Enterprise Development Feature
by Ilse Ferreira
employment. Some progress has been reported and figures continue to rise, but women are still not as representative of their gender in the formal economy as they could be.
Yet, developing a new business is fraught with obstacles. For women, these obstacles differ from those that men have to deal with when entering the business arena.
Development is about people, their needs and their circumstances. It is not about modernisation or industrialisation. In its broadest sense, it is more about creating new things that help people and communities move away from poverty. Some people see development as the opposite of poverty, or as a poverty-eradication tool. Yet, in the case of development, the sustainability of new businesses should be part of the planning process from start-up.
Start-up businesses are seen by all, government included, as a creator of new jobs. However, global statistics show that most of them do not make it past 28 months – and, in South Africa, between 70 and 80% of micro-, small and medium enterprises do not make it to their fifth year in business.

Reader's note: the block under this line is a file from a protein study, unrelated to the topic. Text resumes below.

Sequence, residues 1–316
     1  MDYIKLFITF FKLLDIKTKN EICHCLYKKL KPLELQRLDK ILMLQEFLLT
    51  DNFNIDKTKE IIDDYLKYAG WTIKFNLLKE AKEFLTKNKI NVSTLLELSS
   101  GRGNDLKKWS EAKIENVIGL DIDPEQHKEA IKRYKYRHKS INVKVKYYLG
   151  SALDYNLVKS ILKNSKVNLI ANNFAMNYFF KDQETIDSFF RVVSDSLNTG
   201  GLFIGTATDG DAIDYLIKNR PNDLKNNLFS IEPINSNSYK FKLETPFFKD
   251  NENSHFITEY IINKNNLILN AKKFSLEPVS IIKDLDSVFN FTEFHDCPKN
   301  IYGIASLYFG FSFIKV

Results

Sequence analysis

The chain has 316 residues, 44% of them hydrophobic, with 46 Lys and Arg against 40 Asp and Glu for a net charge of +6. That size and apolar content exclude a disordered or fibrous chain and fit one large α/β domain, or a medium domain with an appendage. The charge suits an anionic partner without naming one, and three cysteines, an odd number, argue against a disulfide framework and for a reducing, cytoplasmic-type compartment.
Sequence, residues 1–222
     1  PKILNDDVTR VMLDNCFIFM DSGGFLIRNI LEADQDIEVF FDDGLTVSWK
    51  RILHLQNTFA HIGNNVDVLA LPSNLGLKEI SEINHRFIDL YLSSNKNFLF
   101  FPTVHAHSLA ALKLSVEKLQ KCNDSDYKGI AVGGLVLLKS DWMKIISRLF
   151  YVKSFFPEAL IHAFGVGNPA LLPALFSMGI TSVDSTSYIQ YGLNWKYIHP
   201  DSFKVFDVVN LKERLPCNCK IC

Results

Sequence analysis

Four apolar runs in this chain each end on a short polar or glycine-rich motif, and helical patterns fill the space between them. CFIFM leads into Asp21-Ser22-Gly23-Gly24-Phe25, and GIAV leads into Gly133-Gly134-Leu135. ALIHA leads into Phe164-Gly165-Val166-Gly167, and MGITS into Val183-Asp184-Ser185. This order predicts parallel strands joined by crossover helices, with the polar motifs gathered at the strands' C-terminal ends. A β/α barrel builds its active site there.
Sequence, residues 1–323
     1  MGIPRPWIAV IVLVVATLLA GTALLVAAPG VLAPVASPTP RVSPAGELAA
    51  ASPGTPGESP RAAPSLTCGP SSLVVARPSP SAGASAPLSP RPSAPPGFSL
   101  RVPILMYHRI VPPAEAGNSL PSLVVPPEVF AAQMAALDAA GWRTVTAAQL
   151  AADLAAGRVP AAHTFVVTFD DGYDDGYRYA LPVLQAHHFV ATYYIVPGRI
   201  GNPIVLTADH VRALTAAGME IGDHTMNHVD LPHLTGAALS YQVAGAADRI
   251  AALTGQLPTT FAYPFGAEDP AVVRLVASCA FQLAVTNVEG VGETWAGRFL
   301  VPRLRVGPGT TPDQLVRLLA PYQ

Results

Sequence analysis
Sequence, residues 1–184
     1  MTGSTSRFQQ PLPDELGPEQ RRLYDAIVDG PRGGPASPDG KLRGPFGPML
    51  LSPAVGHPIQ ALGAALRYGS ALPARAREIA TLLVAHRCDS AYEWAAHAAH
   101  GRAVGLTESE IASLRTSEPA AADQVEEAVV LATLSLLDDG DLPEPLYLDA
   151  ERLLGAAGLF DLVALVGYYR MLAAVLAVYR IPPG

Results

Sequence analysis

According to the 2010 Global Entrepreneurship Monitor (GEM), South Africa was ranked second-last out of 59 countries analysed in terms of established business activity. In line with global trends, women-owned businesses in South Africa tend to operate mainly in the informal sector and often fail to achieve growth anywhere near the benchmark that will allow them entry into the formal sector. Therefore, poor access to the broader marketplace hampers sustainable growth of these micro-enterprises and limits not just their growth, but also the impact they have on the national economy.
According to the National Small Business Act 102 of 1996, firms with less than 5 employees are classified as micro-enterprises, those with between 6 and 20 employees are consider to be very small, and those with from 21 to 50 employees are considered small businesses. Companies with up to 200 employees are ranked as medium-sized companies.